The shallow subsurface of the earth is an extremely important geological zone, one that yields much of our water resources, supports our agriculture and ecosystems, serves as a repository for waste and contaminants, and influences our climate. The field of hydrogeophysics has developed in recent years to investigate the potential that geophysical methods hold for providing quantitative information about hydrogeological parameters or processes in this important zone. This book is the first to cover the fundamentals of hydrogeophysics from both the hydrogeological and geophysical perspectives. The book has multiple chapters that are each authored by leading experts or expert groups. The book is divided into four key parts:
- The fundamentals of hydrological characterization are described in two chapters that focus on hydrological data acquisition and measurement analysis as well as geostatistical approaches;
- The fundamentals of geophysical characterization are described in eight chapters in the book. These chapters describe geophysical techniques that are often used for hydrogeological characterization, including electrical, controlled source electromagnetic, ground penetrating radar, seismic, well logging, and remote sensing methods, as well as petrophysical relationships. Unlike many other books, the geophysical methods and petrophysical discussions presented in this book emphasize the theory, assumptions, approaches, and interpretations that are particularly important for hydrogeological applications.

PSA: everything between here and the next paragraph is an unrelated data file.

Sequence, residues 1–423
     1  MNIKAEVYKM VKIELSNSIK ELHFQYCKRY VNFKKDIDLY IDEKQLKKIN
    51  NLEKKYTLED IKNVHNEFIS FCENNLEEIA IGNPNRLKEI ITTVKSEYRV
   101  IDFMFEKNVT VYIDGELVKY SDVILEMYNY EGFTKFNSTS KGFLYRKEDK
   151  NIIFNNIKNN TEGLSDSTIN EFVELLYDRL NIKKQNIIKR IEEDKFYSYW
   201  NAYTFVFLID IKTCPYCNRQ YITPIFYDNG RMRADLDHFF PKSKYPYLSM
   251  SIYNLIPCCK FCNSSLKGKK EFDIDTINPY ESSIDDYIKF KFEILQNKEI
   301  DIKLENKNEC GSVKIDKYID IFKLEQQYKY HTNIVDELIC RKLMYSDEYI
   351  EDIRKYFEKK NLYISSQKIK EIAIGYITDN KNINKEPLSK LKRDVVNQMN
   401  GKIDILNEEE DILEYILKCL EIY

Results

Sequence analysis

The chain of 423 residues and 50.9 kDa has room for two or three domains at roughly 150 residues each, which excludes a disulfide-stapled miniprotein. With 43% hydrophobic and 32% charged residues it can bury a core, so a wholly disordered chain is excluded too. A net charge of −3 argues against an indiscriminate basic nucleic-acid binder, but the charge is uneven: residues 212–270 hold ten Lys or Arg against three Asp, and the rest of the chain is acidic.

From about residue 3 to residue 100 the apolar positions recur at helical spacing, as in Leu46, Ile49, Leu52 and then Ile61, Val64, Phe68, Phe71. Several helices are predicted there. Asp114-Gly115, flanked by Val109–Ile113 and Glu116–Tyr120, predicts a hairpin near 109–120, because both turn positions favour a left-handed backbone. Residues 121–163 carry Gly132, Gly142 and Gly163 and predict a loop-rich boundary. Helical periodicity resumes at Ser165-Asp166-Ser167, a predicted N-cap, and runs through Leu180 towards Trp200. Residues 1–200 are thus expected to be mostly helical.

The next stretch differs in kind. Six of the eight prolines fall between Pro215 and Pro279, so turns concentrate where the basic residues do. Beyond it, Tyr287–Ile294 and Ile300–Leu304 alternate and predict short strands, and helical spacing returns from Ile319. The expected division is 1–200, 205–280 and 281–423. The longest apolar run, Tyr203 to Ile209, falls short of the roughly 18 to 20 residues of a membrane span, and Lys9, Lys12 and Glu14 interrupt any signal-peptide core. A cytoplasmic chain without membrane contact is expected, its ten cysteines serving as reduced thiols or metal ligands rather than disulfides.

- A series of hydrogeophysical case studies, whose scale of investigation ranges from the lab-scale to the regional-scale, are described in four chapters. These case studies illustrate hydrogeophysical approaches for mapping hydrological units, estimation of hydrogeological parameters, and monitoring of hydrogeological processes.
- Hydrogeophysical frontiers are covered in two chapters, which focus on emerging technologies and stochastic hydrogeophysical inversion approaches.
Hydrogeophysics is intended to provide an introduction to students and to new researchers to the field, to be used as a resource for researchers already active in the field, and to serve as a springboard for advances in the field that are needed to improve our understanding and management of the earth’s shallow subsurface.